As for why there hasn't been that much talk about the TPP (I think there's been more in the US than Canada). I guess if you're opposed to these sorts of treaties, NAFTA is like corporations putting their hands around your neck and the newer treaties is just corporations tightening their grip. NAFTA already had a ISDS clause, and copyright laws were already excessive, TPP is just making copyright laws even more excessive, and growing the list of countries whose corporations can sue Canadian governments to include a few more countries like Japan.

    It also sounds likes Canadians in general don't pay attention to politics as much as they used to but that's mostly based off what family have told me since I haven't been around that long. :p
     
    Last edited: Jul 21, 2016
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  9. wild goose chase

    wild goose chase Active Member

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    So it seems stateside the tide of opinion has turned against the TPP now, with both candidates being against it as of now. In Canada it still doesn't seem to be a big issue of discussion with the assumption that Trudeau presumably plans to ratify it.
     
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  10. AlvinofDiaspar

    AlvinofDiaspar Moderator

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    It's dead - though the talk out there is the the death of TPP will be an opening for China to set up a surrogate along similar lines at the exclusion of the US. Canada will be caught in between these two powers.

    AoD
     
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  11. ksun

    ksun Senior Member

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    I am very glad it is dead.

    And for someone who knows the Chinese government to some extent, I don't think China would likely to set up something to exclude the US. Current Chinese leaders are very pragmatic. They just want to do business. If politics does come into play, they simply don't want the US to dominate on everything. For example, the whole point of setting up the Asian Investment bank is because the US refuse to give China the vote it deserves in WHO, world bank etc. Asian Development Bank has already been dominated by Japan and the US wants to keep it that way.

    As to Canada, it should be practical. Do what is right instead of picking sides out of ideological reasons. The fact that it does so little business with China (although increasing recently) is senseless.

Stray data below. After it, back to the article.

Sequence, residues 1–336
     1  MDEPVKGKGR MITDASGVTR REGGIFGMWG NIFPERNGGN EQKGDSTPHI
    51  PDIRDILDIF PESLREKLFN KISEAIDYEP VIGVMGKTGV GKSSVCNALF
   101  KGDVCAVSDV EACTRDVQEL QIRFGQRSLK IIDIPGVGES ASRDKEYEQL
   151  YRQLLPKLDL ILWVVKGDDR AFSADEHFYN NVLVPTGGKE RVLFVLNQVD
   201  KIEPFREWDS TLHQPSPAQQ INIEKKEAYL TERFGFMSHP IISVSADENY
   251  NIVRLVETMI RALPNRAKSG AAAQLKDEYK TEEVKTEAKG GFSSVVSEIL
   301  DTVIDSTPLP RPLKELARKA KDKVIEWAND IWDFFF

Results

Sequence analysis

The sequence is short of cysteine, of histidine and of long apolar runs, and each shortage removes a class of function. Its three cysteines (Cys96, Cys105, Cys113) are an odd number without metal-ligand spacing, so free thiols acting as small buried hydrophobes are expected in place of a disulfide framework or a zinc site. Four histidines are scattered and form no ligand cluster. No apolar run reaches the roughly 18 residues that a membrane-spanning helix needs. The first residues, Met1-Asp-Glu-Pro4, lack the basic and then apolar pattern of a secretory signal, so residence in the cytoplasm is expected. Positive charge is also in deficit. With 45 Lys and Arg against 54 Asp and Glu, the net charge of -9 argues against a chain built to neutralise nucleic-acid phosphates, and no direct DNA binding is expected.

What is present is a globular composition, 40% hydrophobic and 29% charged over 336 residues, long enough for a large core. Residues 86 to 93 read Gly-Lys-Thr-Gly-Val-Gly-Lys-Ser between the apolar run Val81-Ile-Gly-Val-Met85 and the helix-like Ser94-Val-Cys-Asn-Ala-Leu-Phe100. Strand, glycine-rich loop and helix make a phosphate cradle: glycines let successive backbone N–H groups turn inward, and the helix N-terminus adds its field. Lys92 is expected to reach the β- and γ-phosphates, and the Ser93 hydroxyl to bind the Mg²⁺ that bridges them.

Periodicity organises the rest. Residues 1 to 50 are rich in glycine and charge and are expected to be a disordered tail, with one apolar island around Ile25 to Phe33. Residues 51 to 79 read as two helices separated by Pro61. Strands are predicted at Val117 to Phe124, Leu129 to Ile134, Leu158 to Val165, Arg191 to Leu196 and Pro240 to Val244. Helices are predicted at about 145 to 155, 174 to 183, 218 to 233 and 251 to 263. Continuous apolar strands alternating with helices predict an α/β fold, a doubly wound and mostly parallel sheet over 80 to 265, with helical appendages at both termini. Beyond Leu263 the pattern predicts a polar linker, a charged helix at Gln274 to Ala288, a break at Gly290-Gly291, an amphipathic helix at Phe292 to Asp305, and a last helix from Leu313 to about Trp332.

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  12. Northern Light

    Northern Light Senior Member

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    This deal does indeed appear to be DOA.

    Good.

    But there is a need to go back modify the earlier messes.

    The ISDS has not worked well for Canada in NAFTA.

    That aside, I'm fine w/Free Trade in principle, but with the asterisk that there be something like a vaguely level playing field in employment standards in particular.

    Mexico's min. wage is roughly about $4 US per DAY. That's around $5.30 Cdn

    There is no way we can be competitive against that.

    I'm not suggesting that minimum wages need be the same the world over, but surely there's has to be something that offers a level-ish playing field.

    To the benefit of workers in a developing nation as well.
     
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  13. DSC

    DSC Senior Member

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    TPP partners reach agreement on 'core elements' of Pacific trade deal. On CBC website

    The 11 Trans-Pacific Partnership countries have reached an agreement on "core elements" of the trade pact, namely that all countries will adhere to strict labour and environment standards, a development Canada is championing as a major breakthrough after talks broke down earlier Friday.

    The original TPP, which is currently under renegotiation after U.S. President Donald Trump pulled America out of the deal, included strong provisions that demanded all member countries eliminate child and forced labour, adopt and maintain laws and practices governing "acceptable conditions of work," and uphold the right to collective bargaining.
    But some countries, including Malaysia and Vietnam, sought to opt out of such provisions during the talks, something Canada felt was untenable.
     
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  14. BurlOak

    BurlOak Senior Member

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    Didn't Trudeau campaign to pull out of this? Or at least discuss it in the House.